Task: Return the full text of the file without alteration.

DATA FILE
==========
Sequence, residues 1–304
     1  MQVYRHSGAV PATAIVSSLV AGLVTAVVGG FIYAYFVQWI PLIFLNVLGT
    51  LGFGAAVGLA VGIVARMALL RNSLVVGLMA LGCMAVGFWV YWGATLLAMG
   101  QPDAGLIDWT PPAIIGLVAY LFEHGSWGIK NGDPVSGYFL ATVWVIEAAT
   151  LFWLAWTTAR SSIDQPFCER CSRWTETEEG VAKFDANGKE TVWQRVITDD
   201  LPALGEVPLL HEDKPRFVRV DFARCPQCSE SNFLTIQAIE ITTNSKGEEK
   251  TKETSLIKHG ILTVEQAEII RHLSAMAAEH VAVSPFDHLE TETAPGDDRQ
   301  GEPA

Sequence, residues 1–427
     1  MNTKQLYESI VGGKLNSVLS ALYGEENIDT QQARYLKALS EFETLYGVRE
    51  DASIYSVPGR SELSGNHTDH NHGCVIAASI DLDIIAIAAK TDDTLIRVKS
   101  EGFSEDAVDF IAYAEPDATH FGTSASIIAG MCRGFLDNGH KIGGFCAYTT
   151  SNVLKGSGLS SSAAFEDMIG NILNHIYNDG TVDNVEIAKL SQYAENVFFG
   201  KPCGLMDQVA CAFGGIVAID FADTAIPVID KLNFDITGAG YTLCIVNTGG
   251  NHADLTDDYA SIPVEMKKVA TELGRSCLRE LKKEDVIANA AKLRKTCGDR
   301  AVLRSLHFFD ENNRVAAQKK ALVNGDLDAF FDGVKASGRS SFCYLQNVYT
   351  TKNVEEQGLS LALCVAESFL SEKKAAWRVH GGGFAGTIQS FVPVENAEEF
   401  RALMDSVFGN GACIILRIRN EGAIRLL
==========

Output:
Sequence, residues 1–304
     1  MQVYRHSGAV PATAIVSSLV AGLVTAVVGG FIYAYFVQWI PLIFLNVLGT
    51  LGFGAAVGLA VGIVARMALL RNSLVVGLMA LGCMAVGFWV YWGATLLAMG
   101  QPDAGLIDWT PPAIIGLVAY LFEHGSWGIK NGDPVSGYFL ATVWVIEAAT
   151  LFWLAWTTAR SSIDQPFCER CSRWTETEEG VAKFDANGKE TVWQRVITDD
   201  LPALGEVPLL HEDKPRFVRV DFARCPQCSE SNFLTIQAIE ITTNSKGEEK
   251  TKETSLIKHG ILTVEQAEII RHLSAMAAEH VAVSPFDHLE TETAPGDDRQ
   301  GEPA

Sequence, residues 1–427
     1  MNTKQLYESI VGGKLNSVLS ALYGEENIDT QQARYLKALS EFETLYGVRE
    51  DASIYSVPGR SELSGNHTDH NHGCVIAASI DLDIIAIAAK TDDTLIRVKS
   101  EGFSEDAVDF IAYAEPDATH FGTSASIIAG MCRGFLDNGH KIGGFCAYTT
   151  SNVLKGSGLS SSAAFEDMIG NILNHIYNDG TVDNVEIAKL SQYAENVFFG
   201  KPCGLMDQVA CAFGGIVAID FADTAIPVID KLNFDITGAG YTLCIVNTGG
   251  NHADLTDDYA SIPVEMKKVA TELGRSCLRE LKKEDVIANA AKLRKTCGDR
   301  AVLRSLHFFD ENNRVAAQKK ALVNGDLDAF FDGVKASGRS SFCYLQNVYT
   351  TKNVEEQGLS LALCVAESFL SEKKAAWRVH GGGFAGTIQS FVPVENAEEF
   401  RALMDSVFGN GACIILRIRN EGAIRLL